The revolutionary potential of exosomes in combating skin aging

Exosomes, the tiny messengers of cellular communication, wield remarkable power in addressing the visible signs of aging. By understanding their interactions with skin cells, we explore their role in promoting a youthful complexion.


1. What are exosomes

Exosomes are nano vesicles, typically 30–200 nanometers in diameter, containing a variety of bioactive substances, including proteins, lipids, growth factors and nucleic acids, protected within a bilayer lipid membrane. They are considered an important subcategory of extracellular vesicles (ECVs) and are released by almost all types of cells, subsequentially expressing different characteristics, according to the cell from which they are released. Exosomes play a crucial role in many biological processes including cell-to-cell communication, tissue repair, and immune system modulation. (1),(2)


2. Formation of Exosomes:

Initially, endosomes are formed by the invagination of the cell membrane in the early stage. Then, the bioactive substances begin to accumulate in the early sorting endosomes (ESEs). Under the control of ESCRT (Endosomal Sorting Complex Required for Transport) complex and other related proteins required for transport, the early endosomes become late sorting endosomes (LSEs). LSEs ultimately form multivesicular bodies (MVBs) after a second indentation. After MVBs fuse with the cell membrane, the substances inside the cells are released to the outside in the form of vesicles. These vesicles are exosomes (Figure 1). (3) The formation of exosomes is diversified, and the exact mechanism remains controversial. (4), (3)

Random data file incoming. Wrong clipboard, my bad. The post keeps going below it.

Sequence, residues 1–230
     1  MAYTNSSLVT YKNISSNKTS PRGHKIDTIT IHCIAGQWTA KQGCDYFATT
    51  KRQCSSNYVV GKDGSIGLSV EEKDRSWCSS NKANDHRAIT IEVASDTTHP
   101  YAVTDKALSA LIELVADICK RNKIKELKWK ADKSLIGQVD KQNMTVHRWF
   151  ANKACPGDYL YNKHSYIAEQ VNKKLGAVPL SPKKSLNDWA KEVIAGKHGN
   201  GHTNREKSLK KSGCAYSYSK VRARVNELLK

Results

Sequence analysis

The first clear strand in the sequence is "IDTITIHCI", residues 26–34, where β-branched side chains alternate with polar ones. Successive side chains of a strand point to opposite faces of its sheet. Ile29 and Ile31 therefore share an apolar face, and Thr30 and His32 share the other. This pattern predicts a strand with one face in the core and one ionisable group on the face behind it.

Figure 1. Biogenesis of exosomes and their components. (3)



3. Types of Exosomes

At present time, exosomes are classified mainly according to the cell source and are divided into natural exosomes and engineered exosomes based on whether they have been artificially modified. Natural exosomes are then classified into animal-derived and plant-derived exosomes. Plant-derived exosomes have been shown to possess similar structures to mammalian exosomes. Almost all types of cells can produce exosomes, including macrophages, dendritic cells (DCs), mesenchymal stem cells, epithelial cells, platelets, lymphocytes, and fibroblasts. Exosomes are also generated in tumor settings, which have garnered significant interest in cancer research due to the high content of exosomes released by tumor cells, and exosomes’ surface-specific antigens reflecting the donor cells’ characteristics. Consequently, tumor exosomes serve as crucial monitors in understanding tumor growth, metastasis, and immune modulation. (4), (5)